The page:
The region of Las Hurdes, not far from Salamanca, is largely cut off from the rest of the world. To reach Las Hurdes, it is necessary to travel through the town of La Alberca, which itself has some unusual sights and customs. The Hurdanos themselves live in several dozen villages in the nearby mountains, near a valley that contains the ruins of a convent. The lifestyle of the Hurdanos is so primitive that, until fairly recently, even bread was unknown to them. —IMDb
Although regarded as the greatest artist of Spanish cinema Luis Buñuel only made three films that are Spanish by nationality. His exile from his homeland at the end of the Spanish Civil War resulted in extended periods in Mexico and France. Despite this displacement, Spain was never far from Buñuel’s mind. The peasant culture of the villages of Calanda and Zaragoza, many of them dating to the Middle-Ages, greatly influenced his imagination during his childhood. The Spanish literary tradition, represented by Lope de Vega, Cervantes and the writers of picaresque stories, remained constant touchstones. Strongest of all was the distinctly Spanish nature of his Catholicism; he would retain its influence long after he renounced the teachings of the Church. At the University of Madrid his friendship with poet Federico Garcia Lorca and painter Salvador Dalí would play a major role in the avant-garde of the 1920s. It was during this period that he discovered the works of Sigmund Freud. His insight… read more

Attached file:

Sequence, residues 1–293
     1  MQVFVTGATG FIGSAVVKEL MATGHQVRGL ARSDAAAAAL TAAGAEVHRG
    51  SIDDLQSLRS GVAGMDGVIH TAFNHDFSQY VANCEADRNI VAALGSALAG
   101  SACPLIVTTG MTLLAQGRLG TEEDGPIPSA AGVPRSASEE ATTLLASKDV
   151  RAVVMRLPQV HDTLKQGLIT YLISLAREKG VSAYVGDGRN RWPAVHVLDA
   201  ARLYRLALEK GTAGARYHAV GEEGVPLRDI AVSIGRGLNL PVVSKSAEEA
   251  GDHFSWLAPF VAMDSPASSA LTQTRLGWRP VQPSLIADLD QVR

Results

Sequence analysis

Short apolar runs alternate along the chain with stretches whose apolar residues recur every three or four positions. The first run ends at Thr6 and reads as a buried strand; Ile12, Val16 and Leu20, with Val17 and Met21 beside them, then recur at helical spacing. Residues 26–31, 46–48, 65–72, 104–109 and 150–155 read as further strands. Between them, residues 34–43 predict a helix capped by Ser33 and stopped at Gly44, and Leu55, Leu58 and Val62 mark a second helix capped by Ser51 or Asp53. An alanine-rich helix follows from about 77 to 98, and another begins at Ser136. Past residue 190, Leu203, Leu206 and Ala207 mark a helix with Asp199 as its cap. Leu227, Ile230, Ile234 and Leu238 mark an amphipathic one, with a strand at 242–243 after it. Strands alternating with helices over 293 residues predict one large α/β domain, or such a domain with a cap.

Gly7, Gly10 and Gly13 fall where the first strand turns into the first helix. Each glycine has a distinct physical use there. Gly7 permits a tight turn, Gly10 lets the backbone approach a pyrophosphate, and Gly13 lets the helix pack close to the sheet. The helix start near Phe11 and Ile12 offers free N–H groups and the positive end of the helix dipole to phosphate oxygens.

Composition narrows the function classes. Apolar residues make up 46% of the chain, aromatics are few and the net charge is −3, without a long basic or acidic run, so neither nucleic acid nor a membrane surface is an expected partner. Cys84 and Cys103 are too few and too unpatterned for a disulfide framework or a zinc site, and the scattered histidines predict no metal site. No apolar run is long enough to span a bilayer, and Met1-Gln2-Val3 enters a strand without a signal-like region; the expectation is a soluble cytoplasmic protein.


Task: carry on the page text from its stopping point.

Even disguised as a documentary, Buñuel's influence is clearly discernible. The jabs at religion and the government are no strangers to Buñuel's films. Everything (music, narration, mood, and even subject matter) is presented in the most serious way one can a documentary, and yet becomes absurd often without losing any of the solemnity.